How to Coach Yourself for Career Growth

David Shindler is a coach, facilitator, speaker, and blogger on jobs, careers and employability development. He runs an online school, Career Navigating for Young Professionals, and is author of “Learning to Leap, a Guide to Being More Employable”.

You want to get from A to B in your life. However, sometimes you don’t know where you are or where you’re going. You may not have a clear picture in your mind of what A or B look, sound, and feel like. Or, you might not know why (or if) you want to make that leap. That’s where coaching can help. This post looks at a common coaching framework that you can use as a starting point for becoming clearer about changes in your job and career.

What is coaching?

Coaching is the unconditional belief that the answer lies within each of us. We release our potential by tapping into our talents and strengths and removing the psychological barriers holding us back from being at our best. Yes, external barriers do exist – like the availability of jobs – it’s how we respond that’s key. Because our attitude is within our control.

The coaching process is one of self-exploration with a balance of support and healthy challenge. A professional career coach will ask you the questions you might not ask yourself. They will reflect back your capabilities, achievements, and progress as you test and learn. They walk alongside ready to catch you if you fall as you work through what is right for you. Try this bite-size online course to develop your coachability.

However, not everyone can afford to hire someone or they want something less formal. Alternatively, friends, peers, and colleagues with good coaching skills can be a source of support and guidance. Also, coaching yourself for career growth is possible with the right mindset, skills, and toolkit. Here’s how you can start.

Coaching yourself for career growth is possible with the right mindset, skills, and toolkit. Here’s how you can start.


The GROW approach

Try using GROW, a common coaching framework. It stands for:

  • Goal – where you want to be
  • Reality – where you are now
  • Options – what is possible
  • Will – what is likely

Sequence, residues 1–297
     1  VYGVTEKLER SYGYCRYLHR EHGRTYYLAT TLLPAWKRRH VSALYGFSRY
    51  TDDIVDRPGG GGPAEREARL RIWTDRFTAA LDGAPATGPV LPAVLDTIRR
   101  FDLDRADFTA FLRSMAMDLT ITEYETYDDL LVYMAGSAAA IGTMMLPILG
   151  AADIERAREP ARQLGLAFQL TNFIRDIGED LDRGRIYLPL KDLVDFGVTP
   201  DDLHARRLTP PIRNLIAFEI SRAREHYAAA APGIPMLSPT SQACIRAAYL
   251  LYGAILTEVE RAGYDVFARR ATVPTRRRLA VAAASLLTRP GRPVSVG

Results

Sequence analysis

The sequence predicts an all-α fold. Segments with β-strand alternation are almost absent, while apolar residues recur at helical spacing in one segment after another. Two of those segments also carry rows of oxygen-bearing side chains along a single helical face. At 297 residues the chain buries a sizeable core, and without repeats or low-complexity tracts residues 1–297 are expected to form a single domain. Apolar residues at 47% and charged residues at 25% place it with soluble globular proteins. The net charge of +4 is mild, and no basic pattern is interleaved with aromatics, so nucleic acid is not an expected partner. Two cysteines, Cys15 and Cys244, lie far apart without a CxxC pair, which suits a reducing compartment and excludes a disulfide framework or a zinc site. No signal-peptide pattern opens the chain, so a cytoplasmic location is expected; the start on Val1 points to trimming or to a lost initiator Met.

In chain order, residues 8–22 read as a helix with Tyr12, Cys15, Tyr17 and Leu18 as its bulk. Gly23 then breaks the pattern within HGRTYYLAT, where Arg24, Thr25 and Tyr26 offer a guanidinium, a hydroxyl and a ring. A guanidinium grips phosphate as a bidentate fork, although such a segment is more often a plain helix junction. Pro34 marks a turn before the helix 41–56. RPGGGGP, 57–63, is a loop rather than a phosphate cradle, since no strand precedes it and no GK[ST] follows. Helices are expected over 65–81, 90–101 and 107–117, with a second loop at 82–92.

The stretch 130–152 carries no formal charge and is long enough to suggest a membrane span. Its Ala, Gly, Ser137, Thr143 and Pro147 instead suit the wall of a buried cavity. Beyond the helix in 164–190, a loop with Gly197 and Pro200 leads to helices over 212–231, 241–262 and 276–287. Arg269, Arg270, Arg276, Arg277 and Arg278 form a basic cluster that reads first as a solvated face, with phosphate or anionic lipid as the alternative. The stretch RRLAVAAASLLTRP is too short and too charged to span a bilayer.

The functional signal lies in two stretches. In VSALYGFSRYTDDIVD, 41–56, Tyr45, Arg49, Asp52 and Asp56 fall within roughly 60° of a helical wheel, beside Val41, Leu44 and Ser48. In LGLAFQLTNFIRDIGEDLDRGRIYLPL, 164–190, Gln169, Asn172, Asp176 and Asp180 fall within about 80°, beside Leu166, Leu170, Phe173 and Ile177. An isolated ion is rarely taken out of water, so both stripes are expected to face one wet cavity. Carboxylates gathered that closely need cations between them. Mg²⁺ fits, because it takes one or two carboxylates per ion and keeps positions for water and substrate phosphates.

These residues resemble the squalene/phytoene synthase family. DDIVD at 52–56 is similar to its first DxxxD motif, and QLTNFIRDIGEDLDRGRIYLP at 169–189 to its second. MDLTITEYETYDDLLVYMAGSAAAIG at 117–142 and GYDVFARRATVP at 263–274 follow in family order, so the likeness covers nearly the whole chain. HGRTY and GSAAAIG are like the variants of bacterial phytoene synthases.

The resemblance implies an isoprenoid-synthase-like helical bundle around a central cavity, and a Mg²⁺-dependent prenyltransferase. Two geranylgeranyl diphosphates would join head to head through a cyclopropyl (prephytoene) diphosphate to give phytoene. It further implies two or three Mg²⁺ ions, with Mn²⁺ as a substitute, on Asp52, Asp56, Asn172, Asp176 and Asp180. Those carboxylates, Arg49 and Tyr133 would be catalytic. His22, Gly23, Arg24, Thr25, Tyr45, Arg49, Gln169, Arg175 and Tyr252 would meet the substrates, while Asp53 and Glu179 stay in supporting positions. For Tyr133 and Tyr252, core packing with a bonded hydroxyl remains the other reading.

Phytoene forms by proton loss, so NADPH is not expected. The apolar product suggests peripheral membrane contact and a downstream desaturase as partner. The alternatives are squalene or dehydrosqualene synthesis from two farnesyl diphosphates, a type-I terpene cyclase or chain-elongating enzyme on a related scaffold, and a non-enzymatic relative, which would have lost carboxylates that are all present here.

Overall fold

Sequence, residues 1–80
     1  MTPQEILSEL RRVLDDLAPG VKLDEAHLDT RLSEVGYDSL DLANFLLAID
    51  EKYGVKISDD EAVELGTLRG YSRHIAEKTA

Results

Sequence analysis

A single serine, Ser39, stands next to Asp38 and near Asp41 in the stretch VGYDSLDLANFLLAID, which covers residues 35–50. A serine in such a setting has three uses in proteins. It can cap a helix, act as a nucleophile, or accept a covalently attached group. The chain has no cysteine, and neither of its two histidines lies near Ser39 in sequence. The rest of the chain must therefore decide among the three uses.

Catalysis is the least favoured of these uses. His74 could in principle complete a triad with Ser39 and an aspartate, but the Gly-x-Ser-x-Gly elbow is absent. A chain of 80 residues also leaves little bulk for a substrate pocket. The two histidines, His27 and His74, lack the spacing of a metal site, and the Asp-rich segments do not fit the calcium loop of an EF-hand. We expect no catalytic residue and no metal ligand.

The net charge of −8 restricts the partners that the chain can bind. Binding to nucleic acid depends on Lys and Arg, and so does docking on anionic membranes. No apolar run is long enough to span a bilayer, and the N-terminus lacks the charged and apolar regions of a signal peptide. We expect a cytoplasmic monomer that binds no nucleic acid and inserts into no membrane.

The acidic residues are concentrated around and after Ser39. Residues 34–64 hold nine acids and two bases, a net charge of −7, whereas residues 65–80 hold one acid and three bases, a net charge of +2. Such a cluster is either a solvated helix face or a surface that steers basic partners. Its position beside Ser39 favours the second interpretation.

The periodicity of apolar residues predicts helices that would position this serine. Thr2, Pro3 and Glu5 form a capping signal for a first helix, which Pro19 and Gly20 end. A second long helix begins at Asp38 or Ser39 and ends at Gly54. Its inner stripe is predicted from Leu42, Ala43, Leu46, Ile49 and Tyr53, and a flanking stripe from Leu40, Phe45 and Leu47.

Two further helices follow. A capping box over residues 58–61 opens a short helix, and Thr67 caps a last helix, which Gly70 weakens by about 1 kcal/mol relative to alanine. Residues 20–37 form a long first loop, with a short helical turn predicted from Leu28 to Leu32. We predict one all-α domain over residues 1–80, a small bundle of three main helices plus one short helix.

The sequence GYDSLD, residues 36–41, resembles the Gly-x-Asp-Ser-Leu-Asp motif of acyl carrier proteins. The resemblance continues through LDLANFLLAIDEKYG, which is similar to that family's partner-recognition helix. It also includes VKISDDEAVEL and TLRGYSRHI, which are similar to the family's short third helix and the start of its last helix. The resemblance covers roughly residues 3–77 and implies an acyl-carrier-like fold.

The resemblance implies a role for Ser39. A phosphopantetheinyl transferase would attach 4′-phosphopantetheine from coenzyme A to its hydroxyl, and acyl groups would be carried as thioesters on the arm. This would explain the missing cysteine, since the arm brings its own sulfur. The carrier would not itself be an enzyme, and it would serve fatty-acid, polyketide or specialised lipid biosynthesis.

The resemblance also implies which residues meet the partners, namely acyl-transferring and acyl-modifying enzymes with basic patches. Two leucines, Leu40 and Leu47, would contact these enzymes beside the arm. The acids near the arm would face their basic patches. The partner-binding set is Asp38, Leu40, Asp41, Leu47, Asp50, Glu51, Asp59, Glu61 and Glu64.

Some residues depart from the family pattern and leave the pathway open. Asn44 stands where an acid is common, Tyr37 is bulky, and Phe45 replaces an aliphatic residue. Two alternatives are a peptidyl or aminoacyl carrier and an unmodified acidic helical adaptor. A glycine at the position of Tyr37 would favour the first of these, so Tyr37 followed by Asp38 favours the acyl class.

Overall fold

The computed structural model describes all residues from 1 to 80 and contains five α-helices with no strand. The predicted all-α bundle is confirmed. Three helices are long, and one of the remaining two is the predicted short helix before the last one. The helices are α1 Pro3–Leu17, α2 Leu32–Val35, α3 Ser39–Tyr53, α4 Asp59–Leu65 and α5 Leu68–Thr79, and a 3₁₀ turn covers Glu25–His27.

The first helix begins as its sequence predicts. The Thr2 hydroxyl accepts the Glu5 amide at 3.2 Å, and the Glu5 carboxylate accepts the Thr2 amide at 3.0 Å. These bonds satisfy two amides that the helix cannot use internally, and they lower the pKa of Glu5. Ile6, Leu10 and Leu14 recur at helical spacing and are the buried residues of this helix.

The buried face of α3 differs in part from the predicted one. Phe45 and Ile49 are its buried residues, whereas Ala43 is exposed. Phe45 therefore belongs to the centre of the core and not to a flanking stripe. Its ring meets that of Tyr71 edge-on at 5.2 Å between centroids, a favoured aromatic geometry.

Now let’s translate this into practical ways to coach yourself for career growth. For example, let’s say you’re thinking about changing your job or career and don’t know where to start.


Consider who you want to be, what you are trying to achieve, and why. For example, your personal Goal might be to find purpose in your working life or to become self-employed or to get promoted. Buy yourself a journal to write down your answers to the questions that follow:

  1. What is my Goal? Is it clear, fuzzy, or true? If you don’t have one, move to the next stage (Reality). Be focused.
  2. What would success be like? What would I feel and be doing? What would others would be saying? What would be the impact on my life? Be imaginative.
  3. Why is this Goal important to me? How does it fit with my values? Motivate and inspire yourself.


Whatever your answers, check them out and be honest with yourself. That’s what the Reality is about – checking assumptions about your current situation and what you believe, know, and don’t know. That might mean further job and career research or testing out whether what you say you want is realistic or true. Exploring your Reality involves data gathering, being curious, formulating the right questions, and genuinely listening. Consequently, you may need to revisit your Goal if the Reality is different than you expected. Ask yourself:

  1. What assumptions am I making about my current situation? Play Devil’s advocate.
  2. What will I check out to confirm, reassure myself or discover? Get busy.
  3. Is my Goal still the right one for me? Get clear.


Options are about possibilities – the potential avenues to realize your Goal. It’s tempting to reach for the first idea that comes to mind. However, stay open and come up with several options. Then you can weigh them up against each other before deciding which way to go. Ask yourself:

  1. What options could I pursue to reach my Goal? Be curious.
  2. What will I explore in more depth? Be proactive and organized.
  3. What are the pros and cons of each? Which one pulls my heart strings the most? What does my intuition tell me? Find the balance between being optimistic and realistic.


We all have good intentions, but sometimes we don’t follow through on them. Procrastination takes over. Do you have the will to act and succeed? Do you want it enough? Will is about holding yourself to account and ensuring you commit to pursuing your Goal intentions. Remember, employers want accountable and responsible employees. So, show them. When you have decided on the option for you, ask yourself:

  1. How likely am I to pursue this option? What score out of 10 would I give myself? Be honest.
  2. If I score less than 8, I’m not serious about doing something. Say I score a 6, what would a 7 mean for me? Take small steps to increase your commitment.
  3. What will I do next and when? What might stop me? How will I overcome that? What will help? Be purposeful and resourceful.

It’s worth bearing in mind that the GROW approach is not linear or fixed. You might want to start with assessing your Reality to get clarity about your Goal. Through exploring Options, a different Goal might emerge or change shape.

Whether you coach yourself or seek coaching help, the process builds self-reliance, ownership, and responsibility for your career growth. Become clearer, more confident, and purposeful so you take the right job and career actions for you.

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